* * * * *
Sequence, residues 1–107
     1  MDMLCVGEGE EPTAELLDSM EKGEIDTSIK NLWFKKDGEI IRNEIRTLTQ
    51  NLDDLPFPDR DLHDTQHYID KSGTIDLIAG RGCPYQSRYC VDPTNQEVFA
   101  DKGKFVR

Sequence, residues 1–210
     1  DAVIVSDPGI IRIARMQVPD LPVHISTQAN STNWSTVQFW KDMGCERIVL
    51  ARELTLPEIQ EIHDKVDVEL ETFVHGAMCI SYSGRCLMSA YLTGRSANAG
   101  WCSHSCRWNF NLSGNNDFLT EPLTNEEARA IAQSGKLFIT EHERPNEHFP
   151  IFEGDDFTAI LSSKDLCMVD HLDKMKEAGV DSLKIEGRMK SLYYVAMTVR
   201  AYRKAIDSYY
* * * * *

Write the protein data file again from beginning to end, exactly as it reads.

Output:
Sequence, residues 1–107
     1  MDMLCVGEGE EPTAELLDSM EKGEIDTSIK NLWFKKDGEI IRNEIRTLTQ
    51  NLDDLPFPDR DLHDTQHYID KSGTIDLIAG RGCPYQSRYC VDPTNQEVFA
   101  DKGKFVR

Sequence, residues 1–210
     1  DAVIVSDPGI IRIARMQVPD LPVHISTQAN STNWSTVQFW KDMGCERIVL
    51  ARELTLPEIQ EIHDKVDVEL ETFVHGAMCI SYSGRCLMSA YLTGRSANAG
   101  WCSHSCRWNF NLSGNNDFLT EPLTNEEARA IAQSGKLFIT EHERPNEHFP
   151  IFEGDDFTAI LSSKDLCMVD HLDKMKEAGV DSLKIEGRMK SLYYVAMTVR
   201  AYRKAIDSYY